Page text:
3. Previous Researches of Reflective Teaching Abroad In previous researches of reflective teaching abroad, Dewey (1933) is the first one to regard the teachers as reflective practitioners, who are the professionals that can bring the initiative into full play in education reforms. According to Dewey works, people carry out some deeper researches into teachers reflection. Current researches on reflective teaching have used diverse and conflicting terms. Van (1977) presents 3 levels of reflection derived from Habermas (1973): one, technical reflection; two, practical reflection; three, critical reflection. 4. Previous Researches of Reflective Teaching at Home Generally speaking, domestic works on reflective teaching are rather few. There is only one famous book On Reflective Teaching, written by Professor Xiong Chuanwu (1999). According to Xiong, reflective teaching has 3 major features: 1) it accelerates the mutual development of the teacher and students by learning to teach and learning to learn 2) it can give a creative solution to the problems in practical teaching 3) it is helpful in improving teaching practice and exploring the rationality of teaching and learning. Li (2002) reckons reflective teaching as a process of understanding and improving the teaching, which should be carried out throughout the career of a teacher. Chen (1999) presents the characteristics of completeness and internal coherence in the process of reflective teaching. 5. Approaches to Reflective Teaching Some commonly-used reflective approaches are introduced by Richards and Lockhart (1996) in their book Reflective Teaching in Second Language Classrooms for English teachers to study classroom teaching. These approaches are as follows: 1). Lesson reports: The written accounts of lessons which describe the main features of the lessons. 2). Teaching journals: The written or recorded accounts of teaching experiences. 3). Audio and video recordings: The recordings of a lesson or part of a lesson. 4). Surveys and questionnaires: The activities such as administering a questionnaire or completing a survey, designed to collect information on a particular aspect of teaching or learning. 5). Action research: The implementation of an action plan designed to bring about change in some aspect of the teachers class with subsequent monitoring of the effects of the innovation. 6). Observation: The tasks completed by a student teacher observing a cooperating teachers class, or peer observation (i.e., tasks completed by a teacher visiting a colleagues class). 6. A Case Study of Reflection on Teaching in Leshan Normal Univesity In this case study, the author analyzes the classroom observation scripts of two classes before and after the reflection, combining free individual reflection and guided reflection in forms of group discussion and interview, with a purpose to find out the problems in EFL teaching and some feasible solutions through reflective teaching. 6.1 Classroom Observation Script of the Two Classes Mrs. Wang has been an English teacher in Leshan Normal University for five years. However, she always finds it hard to manage a good listening class. In this case study, some experienced teaching staff as well as some young EFL teachers attended her listening class, with a purpose to find out the solution to her problems. 6.1.1 Classroom Observation Script of the First Listening Class The listening material is chosen from the listening part of Unit 8, Book 2 of Integrated Skills of English, with a title of The Torch Festival. The first listening class was as follows. (1) In pre-listening step: Mrs. Wang (with a same voice and intonation during her class): Now we are going to study the listening part in Unit 8. Please turn to page 157. The title is The Torch Festival. Do you know the meaning of the title? Students (in a low spirit): Yes. Mrs. Wang: Before the listening, I would like to mention the new words and expressions. (Then, she wrote some words and the Chinese meaning on the blackboard.) Here are 5 names of our ethnic minority groups: Hani(), Lisu (), Primi(), Naxi(), and Lahu(). And then, 2 kinds of game: wrestling() and tug-of-war() and one single word: parade(). Do you have any questions about the meaning?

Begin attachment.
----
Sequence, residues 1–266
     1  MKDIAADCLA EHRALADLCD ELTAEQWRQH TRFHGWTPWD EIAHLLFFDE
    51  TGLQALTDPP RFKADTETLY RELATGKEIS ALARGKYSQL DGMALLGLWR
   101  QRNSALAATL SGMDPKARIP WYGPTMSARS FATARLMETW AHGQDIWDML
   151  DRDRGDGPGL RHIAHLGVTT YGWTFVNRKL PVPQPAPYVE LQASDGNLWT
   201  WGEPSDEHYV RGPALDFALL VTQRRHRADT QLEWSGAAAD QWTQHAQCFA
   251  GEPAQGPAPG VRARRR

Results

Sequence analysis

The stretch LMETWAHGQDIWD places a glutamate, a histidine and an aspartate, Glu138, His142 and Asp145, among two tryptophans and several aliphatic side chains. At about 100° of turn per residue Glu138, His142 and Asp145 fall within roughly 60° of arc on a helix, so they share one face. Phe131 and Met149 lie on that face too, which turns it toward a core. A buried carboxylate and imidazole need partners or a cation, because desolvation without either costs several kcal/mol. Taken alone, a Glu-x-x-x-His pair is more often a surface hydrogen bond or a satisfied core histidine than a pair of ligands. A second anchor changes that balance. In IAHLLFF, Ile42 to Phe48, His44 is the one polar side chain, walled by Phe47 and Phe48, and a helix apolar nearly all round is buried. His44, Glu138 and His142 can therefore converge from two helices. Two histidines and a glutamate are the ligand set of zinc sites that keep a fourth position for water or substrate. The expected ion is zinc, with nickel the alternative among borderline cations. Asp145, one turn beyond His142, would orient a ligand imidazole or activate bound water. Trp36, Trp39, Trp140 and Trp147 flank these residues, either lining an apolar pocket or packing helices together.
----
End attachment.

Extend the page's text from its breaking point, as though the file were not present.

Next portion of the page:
• www.ccsenet.org/elt English Language Teaching Vol. 9, No. 6; 2016


    Students (in a low spirit): No. Mrs. Wang: Well, please read the four questions carefully. Then, we will begin our practice right now. Please put on your earphones. Ready? Students (in a low spirit): Yes. (2) In while-listening step: Mrs. Wang: (Mrs. Wang played the tape.) Well, please check your answers. Question one: what is the time when the torch festival is held and how long it lasts? Students (Only one third of the students answered while others remained silent.): Yes. The time is in early June or on the 25th of the month and it often lasts for four days. Mrs. Wang: Now please look at Question 2? How do people celebrate the Festival in the evening? Students (Only one third of the students answered while others remained silent.): By singing and dancing. Mrs. Wang: In details? Students (No one answered.): (When Mrs. Wang asked question 3 and 4, the same happened. The students could only present simple answers instead of detailed ones.) Mrs. Wang: Now, lets listen to the passage once again and try to get the detailed answers to question 2, 3 and 4. (This time, the students still cannot answer completely to those questions. So, Mrs. Wang gave the answers to them directly, and then played the tape for the third time.) (3) In post-listening step: Mrs. Wang: Do you have any questions? Students (in a low spirit): No. Mrs. Wang: Finally, please master the new words in the passage out of class. Well, class is over, see you. (During her class, the author found that there were little teacher-student interaction in her class and most students were inactively participating in the class, the atmosphere of which was less satisfactory. Worsely, some students were playing their cellphones because of lack of interest in his class.) 6.1.2 Classroom Observation Script of the Second Listening Class After the first listening class, we told Mrs. Wang the problems, asked her to reflect the class by himself first, and then held a group of discussion to give her guided reflection of